Through a Lens Darkly: Black Photographers and the Emergence of a People
In telling this story and exploring its meanings, Harris’ well-crafted film uses interviews with a number of historians and black photographers. But its greatest asset…
The musician’s name is Maury Dann and he’s perhaps on the edge of stardom and certainly on the edge of an abyss. He started in life as next to nothing and by the age of 35 has worked his way up to his own band, a couple of hit records, string of groupies and a chauffeured Cadillac limousine. “You only pass through life once,” he is fond of saying, “and it might as well be in a Cadillac.” He does not realize he is pronouncing his epitaph.
He more or less lives in the back seat of his Cadillac. He’s on the way to Birmingham, and then to Nashville, where he has a booking on the Opry and a sure guest shot on Buck Owens and -- maybe -- a chance of getting on the Johnny Cash show. Those are his destinations, but they seem somehow insubstantial as he relentlessly moves at 95 miles an hour through an endless Alabama. He isn’t basically a cruel man, but you would have a hard time proving that by anyone who knows him. He lives on Cokes and Dr. Peppers and handfuls of pills, and there are times when he’s so strung out that it must be physically painful for him to appear to be present.
It’s interesting that “Payday” comes along on the heels of Robert Altman’s “Nashville,” because Maury Dann could have wandered through “Nashville” and fit right in: He’s cut from the same cloth as the singers in that movie, but he’s a little more desperate. The pills are keeping him alive and killing him, all at the same time, and his life is filled with great terrors. He tries to distract himself by expeditions back into his past, where he apparently felt some pleasure, but when he arrives for the birthday of one of his children he finds that he is either four months late or eight months early, and when he joins old friends for some quail-shooting the day ends in a fight over a dog.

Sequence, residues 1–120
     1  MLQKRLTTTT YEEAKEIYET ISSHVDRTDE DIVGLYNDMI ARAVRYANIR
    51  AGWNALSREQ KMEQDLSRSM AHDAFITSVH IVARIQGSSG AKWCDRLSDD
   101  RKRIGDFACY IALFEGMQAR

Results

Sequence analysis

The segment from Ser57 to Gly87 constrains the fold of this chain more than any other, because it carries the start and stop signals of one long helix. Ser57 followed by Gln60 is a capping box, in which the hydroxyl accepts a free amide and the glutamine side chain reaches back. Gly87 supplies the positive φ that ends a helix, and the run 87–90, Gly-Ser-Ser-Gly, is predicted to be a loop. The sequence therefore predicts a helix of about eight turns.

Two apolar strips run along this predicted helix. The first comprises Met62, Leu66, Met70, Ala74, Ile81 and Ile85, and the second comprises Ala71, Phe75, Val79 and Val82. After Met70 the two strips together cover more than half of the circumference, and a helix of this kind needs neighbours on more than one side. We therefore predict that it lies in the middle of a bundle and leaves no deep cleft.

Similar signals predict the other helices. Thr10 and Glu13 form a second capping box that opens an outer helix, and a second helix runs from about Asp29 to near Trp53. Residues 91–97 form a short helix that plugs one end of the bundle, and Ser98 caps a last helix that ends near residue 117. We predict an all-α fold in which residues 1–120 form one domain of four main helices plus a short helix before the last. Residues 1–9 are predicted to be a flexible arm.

The movie’s structure qualifies it as a fairly traditional road picture; we get the series of little towns and sunsets and traffic signs and motels and fast food joints that look about the same in Alabama as anywhere. But the stops along the way are a lot more perceptive than they usually are in road movies, and in particular there’s an encounter with a disk jockey that develops genuine corruption.
Maury, acting as straight as he can despite the speed, visits the DJ in his studio and brings along a quart of Wild Turkey as a gift (“Why, Maury, I see you’ve brought me some wild game!” the DJ snickers). Then follows low-key blackmail in which the DJ tries to talk Maury into returning on Monday for a local fund-raiser, and Maury tries to talk his way out of it, and they both implicitly acknowledge the payola aspect of the whole deal. It’s a perfectly observed scene.
There’s another sequence in which Maury dumps one of his groupies at roadside, drives off, returns, drives off again and then returns again; to describe exactly what he’s up to would destroy the scene, but it’s funny and very hurtful both at once. Duke uses these road scenes to build up a portrait of a man who is deeply cynical, especially about himself, and who uses his little power to protect himself from a world which has so much more. In the end, it turns out he isn’t powerful enough.
There’s a murder -- quick, accidental, almost a surprise -- and Maury gets his driver to take the rap for him. It’ll be self defense anyway, but Maury has to make the Birmingham concert. And then his life starts closing in on him. His problems refuse to stay buried; his desperation turns into rage; he has come to the end of the line and he can’t fix things anymore -- “Not this time,” his manager says, when he tries to get rid of a cop. The movie’s ending provides not so much a tragedy as a deliverance for Maury, and “Payday” is very good at making us see why.
White privilege, lived.
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